A swath of books on hormone health have been published in recent years. The thesis for most of them is that you can improve your health, lose weight and even reverse some diseases by balancing your hormones. And in many cases, as these books tell us, we can do so through changes to our lifestyles, as with exercise or diet.
These books are an important contribution to health education, as many people do not realize that their hormone levels are changeable, which could be a key to better health.
“Your Body in Balance” is a worthy addition to the field. It’s written by Dr. Neal D. Barnard, who has written fourteen other health and diet-related books, including the best-seller “The Cheese Trap,” which bummed the world out by shedding light on the chemically addictive power of cheese (he was right — the casein in cheese breaks down into casomorphins, which are mildly addictive).
The books is organized by health concerns—there is a chapter each on fertility, PMS, cancer (separate chapters for men and women), PCOS, menopause, ED, diabetes, thyroid, skin and hair, and moodiness and stress.
The advice for many of these issues is overlapping, so there is some repetition in the book. For many conditions, Dr. Barnard recommends veganism and removing fat and oil from the diet. As a vegetarian myself, I am a believer in the health benefits of eliminating meat. The value of eating a whole-food, plant-based diet is supported by a wealth of evidence. Avoiding fat, on the other hand, is more controversial.
He allows for fat in the form of avocados and nut foods in the recipes at the back of the book, but he suggests giving up all added oils. His reasons for doing so are not well-substantiated in this book. The main reason offered in the book is that the high calories in oils are not helpful to weight loss. He also mentions the anecdote of sisters Nina and Randa Nelson, who wrote the book “The Clear Skin Diet,” about how eliminating oil from their diets cleared their severe acne.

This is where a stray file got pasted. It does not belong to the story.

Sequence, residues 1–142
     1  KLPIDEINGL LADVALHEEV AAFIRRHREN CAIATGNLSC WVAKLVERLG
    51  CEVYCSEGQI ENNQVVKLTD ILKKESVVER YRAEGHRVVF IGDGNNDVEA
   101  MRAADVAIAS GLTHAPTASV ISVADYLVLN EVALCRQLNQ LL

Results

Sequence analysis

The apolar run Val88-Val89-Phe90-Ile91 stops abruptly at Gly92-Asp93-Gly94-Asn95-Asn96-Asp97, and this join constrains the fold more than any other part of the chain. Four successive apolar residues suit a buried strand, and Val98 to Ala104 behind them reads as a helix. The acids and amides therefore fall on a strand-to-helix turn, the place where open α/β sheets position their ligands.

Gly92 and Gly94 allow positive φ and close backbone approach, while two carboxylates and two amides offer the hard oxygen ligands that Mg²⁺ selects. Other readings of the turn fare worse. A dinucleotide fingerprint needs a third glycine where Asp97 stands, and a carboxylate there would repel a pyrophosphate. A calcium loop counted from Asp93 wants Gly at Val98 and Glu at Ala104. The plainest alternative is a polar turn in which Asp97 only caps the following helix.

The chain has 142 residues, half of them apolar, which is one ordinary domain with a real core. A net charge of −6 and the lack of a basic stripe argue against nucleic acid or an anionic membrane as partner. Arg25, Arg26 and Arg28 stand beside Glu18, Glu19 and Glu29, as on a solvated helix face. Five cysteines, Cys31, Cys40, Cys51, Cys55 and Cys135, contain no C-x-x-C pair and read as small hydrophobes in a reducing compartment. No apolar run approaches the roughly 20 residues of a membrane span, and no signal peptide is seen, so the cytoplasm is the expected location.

But vegans are already often low in omega-3s, critical for healthy brain function. He says that supplementing with EPA and DHA (they compose omega-3s) is “a reasonable decision,” but he does not firmly recommend them.
And no, not even olive oil or coconut oil are OK, according to Dr. Barnard.
Regarding his recommendation to avoid dairy, Dr. Barnard is more thorough. He explains the downsides of dairy go well beyond the negative healthy effects that have been in the popular press about the added synthetic hormones in most mass-produced dairy products. Many of us have learned to look for rBGH (recombinant bovine growth hormone) on milk and cheese labels.
Dr. Barnard goes further to explain that all milk products are made from—of course—lactating cows. Dairy cows are also usually pregnant, with elevated levels of cow estrogen that shows up in your food and can disrupt your own hormones. Their milk can also boost your levels of IGF-1, a growth hormone that is linked to breast and prostate cancer.
He goes further to explain the evidence against the naturally occurring milk sugars lactose and galactose, which are implicated in fertility problems and ovarian cancer.
The book concludes with a chapter on how to put all the recommendations together and make healthy habit changes. There are tips on how to cook without oil, and two weeks of recommended menus, plus 65 recipes.
Today’s diet trends (dare I call them “fads?”)—keto, butter in your coffee, the war on carbs, fish oil pills, EVOO – couldn’t be more opposite from the recommendations in this book. And that is its value—to question today’s accepted wisdom and get us to consider new evidence for the healthiest ways to eat and live.
Until science learns more, I’ll keep using olive oil in my salad dressing, but I am going to reduce my dairy consumption. “Your Body in Balance” is a valuable addition to your bookshelf; but take some of the extreme advice with a grain of salt. Actually, don’t, as Dr. Barnard says to limit salt as well.